I’ve mentioned before that our church has a mentoring program for children grade six through grade twelve. This year, all four of our children are in the program — our oldest in twelfth and our youngest in sixth — so to celebrate, we invited all four of the mentors, and their spouses, over for dinner.
What with all the schedules to be considered, finding a date was a minor miracle. First we settled on a date in May, but then when we decided to go to Puerto Rico, we had to do calendar contortionism all over again. Everyone hung in there, patiently batting around date possibilities, until finally we landed on one (one!) free evening that suited everyone, whew.
The meal was simple — soup, bread, salad, cake — and all fourteen of us smooshed around our dining room table (afraid that, extended so far, the table might cave, my husband hammered in a reinforcement at the last minute). We didn’t have enough soup bowls, two of the kids were in the middle of a silent war, and we ran out of regular-sized water glasses, but oh well. This was us, chipped plates, bad attitudes, and all.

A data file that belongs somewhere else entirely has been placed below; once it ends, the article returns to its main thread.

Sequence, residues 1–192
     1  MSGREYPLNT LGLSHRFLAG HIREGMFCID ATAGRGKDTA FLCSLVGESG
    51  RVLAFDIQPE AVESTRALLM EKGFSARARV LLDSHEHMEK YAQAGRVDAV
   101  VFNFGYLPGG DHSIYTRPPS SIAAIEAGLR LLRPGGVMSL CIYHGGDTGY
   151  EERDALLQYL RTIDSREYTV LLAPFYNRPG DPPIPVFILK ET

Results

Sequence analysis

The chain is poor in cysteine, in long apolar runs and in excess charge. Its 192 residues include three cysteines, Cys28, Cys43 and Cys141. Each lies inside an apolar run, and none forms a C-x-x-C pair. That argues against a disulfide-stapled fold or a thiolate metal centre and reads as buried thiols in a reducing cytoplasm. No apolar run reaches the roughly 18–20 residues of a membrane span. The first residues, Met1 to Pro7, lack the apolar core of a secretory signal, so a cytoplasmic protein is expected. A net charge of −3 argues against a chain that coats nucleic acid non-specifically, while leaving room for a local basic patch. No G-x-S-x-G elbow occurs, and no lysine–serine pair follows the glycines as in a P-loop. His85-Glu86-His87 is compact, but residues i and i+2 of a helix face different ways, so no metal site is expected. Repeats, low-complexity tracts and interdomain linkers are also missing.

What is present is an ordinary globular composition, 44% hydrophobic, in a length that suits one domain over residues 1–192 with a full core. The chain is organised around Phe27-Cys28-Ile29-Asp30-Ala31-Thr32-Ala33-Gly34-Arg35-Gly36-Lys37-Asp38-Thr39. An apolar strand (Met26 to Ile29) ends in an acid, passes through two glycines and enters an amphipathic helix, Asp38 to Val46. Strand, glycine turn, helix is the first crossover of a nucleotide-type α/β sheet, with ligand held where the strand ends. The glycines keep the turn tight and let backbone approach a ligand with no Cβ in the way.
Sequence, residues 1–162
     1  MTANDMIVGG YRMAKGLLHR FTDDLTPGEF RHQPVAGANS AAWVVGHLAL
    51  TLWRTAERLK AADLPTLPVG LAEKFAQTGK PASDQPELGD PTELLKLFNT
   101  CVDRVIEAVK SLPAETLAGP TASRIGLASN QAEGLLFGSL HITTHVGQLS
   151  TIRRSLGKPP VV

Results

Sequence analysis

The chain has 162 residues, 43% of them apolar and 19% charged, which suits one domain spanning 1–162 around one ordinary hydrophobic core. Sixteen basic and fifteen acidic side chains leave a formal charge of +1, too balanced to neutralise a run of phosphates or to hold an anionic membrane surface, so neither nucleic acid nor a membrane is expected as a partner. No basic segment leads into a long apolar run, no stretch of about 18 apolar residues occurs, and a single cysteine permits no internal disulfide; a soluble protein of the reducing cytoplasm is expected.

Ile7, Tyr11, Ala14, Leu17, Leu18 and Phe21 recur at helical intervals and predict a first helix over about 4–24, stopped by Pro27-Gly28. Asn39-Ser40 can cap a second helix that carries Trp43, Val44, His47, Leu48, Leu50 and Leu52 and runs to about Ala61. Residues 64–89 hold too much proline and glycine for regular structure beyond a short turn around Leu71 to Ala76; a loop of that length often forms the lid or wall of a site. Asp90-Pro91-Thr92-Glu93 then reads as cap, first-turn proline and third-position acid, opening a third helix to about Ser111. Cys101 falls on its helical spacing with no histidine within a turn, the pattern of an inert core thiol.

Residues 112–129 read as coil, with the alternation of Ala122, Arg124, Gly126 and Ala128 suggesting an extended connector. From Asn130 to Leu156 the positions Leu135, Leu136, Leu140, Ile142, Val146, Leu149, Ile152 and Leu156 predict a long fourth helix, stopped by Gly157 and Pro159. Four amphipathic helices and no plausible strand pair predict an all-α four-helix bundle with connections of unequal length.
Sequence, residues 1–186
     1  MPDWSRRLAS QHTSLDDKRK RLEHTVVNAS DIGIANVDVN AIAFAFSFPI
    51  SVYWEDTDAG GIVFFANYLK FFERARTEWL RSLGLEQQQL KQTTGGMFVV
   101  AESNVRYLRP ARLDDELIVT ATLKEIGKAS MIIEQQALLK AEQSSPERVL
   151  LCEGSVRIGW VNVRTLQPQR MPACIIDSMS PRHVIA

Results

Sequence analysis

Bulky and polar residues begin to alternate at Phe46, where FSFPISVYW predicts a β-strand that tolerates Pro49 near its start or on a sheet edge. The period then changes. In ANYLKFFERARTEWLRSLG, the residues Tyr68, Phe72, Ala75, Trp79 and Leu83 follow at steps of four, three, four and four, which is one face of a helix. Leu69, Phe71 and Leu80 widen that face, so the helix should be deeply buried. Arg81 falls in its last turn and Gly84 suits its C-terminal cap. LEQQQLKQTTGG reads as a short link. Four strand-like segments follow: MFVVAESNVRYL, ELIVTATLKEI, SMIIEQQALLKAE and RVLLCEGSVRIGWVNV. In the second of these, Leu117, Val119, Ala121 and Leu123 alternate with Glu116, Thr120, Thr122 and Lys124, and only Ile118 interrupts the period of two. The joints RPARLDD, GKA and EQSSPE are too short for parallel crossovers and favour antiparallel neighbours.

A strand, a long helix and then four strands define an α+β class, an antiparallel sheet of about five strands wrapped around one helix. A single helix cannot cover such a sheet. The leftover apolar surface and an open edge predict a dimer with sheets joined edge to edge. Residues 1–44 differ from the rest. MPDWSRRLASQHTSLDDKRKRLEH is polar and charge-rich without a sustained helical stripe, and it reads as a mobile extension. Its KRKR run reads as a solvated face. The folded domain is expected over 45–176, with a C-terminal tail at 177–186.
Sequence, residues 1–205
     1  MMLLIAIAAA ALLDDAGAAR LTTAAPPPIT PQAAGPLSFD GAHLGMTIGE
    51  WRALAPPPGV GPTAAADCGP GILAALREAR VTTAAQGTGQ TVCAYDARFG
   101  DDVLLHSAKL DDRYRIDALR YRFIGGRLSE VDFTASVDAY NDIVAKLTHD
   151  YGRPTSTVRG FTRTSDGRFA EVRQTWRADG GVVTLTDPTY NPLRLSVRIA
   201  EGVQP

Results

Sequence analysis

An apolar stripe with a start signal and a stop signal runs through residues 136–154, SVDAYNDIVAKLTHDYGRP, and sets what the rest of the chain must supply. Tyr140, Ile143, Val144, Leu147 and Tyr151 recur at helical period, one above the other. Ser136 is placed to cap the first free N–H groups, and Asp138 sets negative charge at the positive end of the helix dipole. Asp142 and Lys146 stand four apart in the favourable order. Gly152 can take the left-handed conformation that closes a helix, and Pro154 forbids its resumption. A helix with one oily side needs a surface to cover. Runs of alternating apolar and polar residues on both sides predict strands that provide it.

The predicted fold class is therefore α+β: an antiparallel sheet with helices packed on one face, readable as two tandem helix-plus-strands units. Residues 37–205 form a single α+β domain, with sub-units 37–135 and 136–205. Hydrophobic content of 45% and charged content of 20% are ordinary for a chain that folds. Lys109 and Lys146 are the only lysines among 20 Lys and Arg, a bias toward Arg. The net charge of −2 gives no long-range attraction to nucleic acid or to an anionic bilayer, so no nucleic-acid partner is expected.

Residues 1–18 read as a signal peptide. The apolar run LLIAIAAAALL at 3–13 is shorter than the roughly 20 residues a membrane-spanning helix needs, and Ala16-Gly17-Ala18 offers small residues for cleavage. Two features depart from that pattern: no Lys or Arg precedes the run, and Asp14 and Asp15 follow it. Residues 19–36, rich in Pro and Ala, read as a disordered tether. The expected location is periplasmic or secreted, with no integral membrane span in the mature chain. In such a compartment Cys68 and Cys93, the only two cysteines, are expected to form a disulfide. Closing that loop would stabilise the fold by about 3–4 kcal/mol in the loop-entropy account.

Before the prayer song, I made a little welcome speech and promptly teared up. These four couples have been such an integral part of our life, even before they became mentors for our children. For example, here’s just a smattering of the ways they (in one configuration or another) have been involved in our lives:
Counseling us on whether or not to get married.
Attending our wedding.
Being present at some of the children’s births.
Supporting and advocating for us while we volunteered overseas.
Visiting us in Nicaragua and Guatemala, sometimes more than once.
Participating in the same small group.
Helping us find our house.
Traveling to see us when my husband was diagnosed with cancer.
Being feet-on-the-ground when we had parenting troubles.
Helping us move.
They have washed our windows and brought us food and written references. They have listened to us and counseled us and encouraged us. And now, on top of all that, they are taking the time and energy to mentor our children.
For these dear people, we are profoundly grateful.